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Posts Tagged ‘Extremism’
April 26, 2016

New ADL Resources for Safe and Respectful Schools

high school students and tabletsFears of extremism, radicalization and mass violence in our schools have unfortunately become all too common for educators and school administrators across the United States. At the same time, information that allows educators to understand the threat and leaves them equipped to address it without perpetuating biases and stereotypes is scarce. In order to fill this gap, the Anti-Defamation League and START (the National Consortium for the Study of Terrorism and Responses to Terrorism), have created a backgrounder providing accurate, empirically tested information on understanding mass violence and extremism for educators and school administrators.

The new backgrounder is designed to enable educators to be better equipped to understand and appropriately respond to observable warning signs and to implement programs that foster safe school communities.

By combining topics of mass violence and violent extremism into one document, the backgrounder strives to provide comprehensive information that is relevant as well as appropriate for all school districts. It emphasizes the creation of a three-pronged strategy to decrease risk for both radicalization and mass violence in schools, through:

  1. Awareness of observable warning signs,
  2. Development of school programs encouraging respect and inclusion, and
  3. Implementation of curriculum resources teaching students to be safe and conscientious consumers of online material.

The document provides fact-based evidence, emphasizing a goal of prevention rather than prediction in order to ensure a wide safety net. At the same time, by highlighting the fact that feelings of isolation and marginalization often play a precipitating role in radicalization and violence, the document makes clear that programs encouraging inclusion and discouraging bias are at the core of any successful strategy for creating safe schools.

In conjunction with this backgrounder, ADL has also released a new Current Events Classroom lesson for high school students entitled Outsmarting Propaganda: Combatting the Lure of Extremist Recruitment Strategies. Produced with additional assistance from START, this curriculum provides the resources for students to utilize critical thinking when faced with propaganda and messaging they encounter online, increasing their ability to recognize and resist extremist propaganda and recruitment strategies.  A parallel resource for families, Propaganda, Extremism and Recruitment Tactics, guides adult family members in having conversations with their children about terrorist exploitation of the Internet and online propaganda – again, a crucial first step in ensuring that young people are less susceptible to dangerous propaganda and recruitment techniques.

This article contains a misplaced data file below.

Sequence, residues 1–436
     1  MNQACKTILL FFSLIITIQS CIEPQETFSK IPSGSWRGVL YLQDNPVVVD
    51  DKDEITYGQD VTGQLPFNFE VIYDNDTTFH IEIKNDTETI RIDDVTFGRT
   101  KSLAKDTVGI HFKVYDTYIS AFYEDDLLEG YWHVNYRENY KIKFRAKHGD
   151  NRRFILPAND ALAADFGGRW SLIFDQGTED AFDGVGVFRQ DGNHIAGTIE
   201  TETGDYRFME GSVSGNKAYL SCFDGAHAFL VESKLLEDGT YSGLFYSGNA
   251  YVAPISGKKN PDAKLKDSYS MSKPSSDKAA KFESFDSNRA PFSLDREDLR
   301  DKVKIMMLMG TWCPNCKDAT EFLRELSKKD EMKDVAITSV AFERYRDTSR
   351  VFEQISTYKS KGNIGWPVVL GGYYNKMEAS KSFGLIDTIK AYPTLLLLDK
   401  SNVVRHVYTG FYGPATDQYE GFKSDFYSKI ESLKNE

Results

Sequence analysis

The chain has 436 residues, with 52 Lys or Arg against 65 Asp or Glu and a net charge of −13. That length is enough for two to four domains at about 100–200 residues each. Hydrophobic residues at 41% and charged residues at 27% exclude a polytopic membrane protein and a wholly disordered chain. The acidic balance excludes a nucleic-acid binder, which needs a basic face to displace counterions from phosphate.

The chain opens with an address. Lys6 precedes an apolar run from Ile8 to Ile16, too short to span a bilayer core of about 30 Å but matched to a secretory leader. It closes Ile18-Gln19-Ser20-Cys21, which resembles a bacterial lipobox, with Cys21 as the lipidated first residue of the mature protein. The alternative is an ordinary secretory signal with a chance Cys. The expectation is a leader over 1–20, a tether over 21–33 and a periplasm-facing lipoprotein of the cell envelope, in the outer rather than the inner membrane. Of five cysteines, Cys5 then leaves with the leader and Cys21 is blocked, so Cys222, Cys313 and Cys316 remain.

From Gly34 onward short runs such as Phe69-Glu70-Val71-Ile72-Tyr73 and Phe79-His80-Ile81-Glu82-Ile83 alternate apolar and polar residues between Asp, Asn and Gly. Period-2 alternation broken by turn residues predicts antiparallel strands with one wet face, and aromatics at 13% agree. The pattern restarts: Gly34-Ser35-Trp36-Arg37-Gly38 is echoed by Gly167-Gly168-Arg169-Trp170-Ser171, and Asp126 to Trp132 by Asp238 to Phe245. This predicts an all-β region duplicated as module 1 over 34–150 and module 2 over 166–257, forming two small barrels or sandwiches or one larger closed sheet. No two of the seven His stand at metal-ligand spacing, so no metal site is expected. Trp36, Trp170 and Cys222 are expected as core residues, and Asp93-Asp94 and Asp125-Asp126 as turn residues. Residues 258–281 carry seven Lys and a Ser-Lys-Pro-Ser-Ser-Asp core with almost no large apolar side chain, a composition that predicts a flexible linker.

As young people, parents and teachers are discussing violence, extremism and terrorism, it is important that they don’t fall prey to stereotyping and scapegoating that can sometimes accompany these conversations. In ADL’s anti-bias work, we provide students with skills to understand the language of bias, be critical thinkers, counter bias, bigotry and stereotyping and learn how to be an ally.

ADL has created a new webpage called Finding the Balance: Countering Extremism and Combating Stereotypes that is designed to serve as a comprehensive resource by pairing these new items with its extensive array of materials for parents and teachers on teaching and discussing terrorism, hate and violence, bigotry, and scapegoating, as well as resources for creating inclusive, bias-free classrooms. The new site also includes background information on extremism and terrorism in the U.S. produced by the ADL’s Center on Extremism.

Together, these materials will help to fill a crucial gap for both parents and educators by providing fact-based resources, curricula, and backgrounders that can equip them to develop inclusive and safe schools, resistant to violence and extremism and respectful of all students.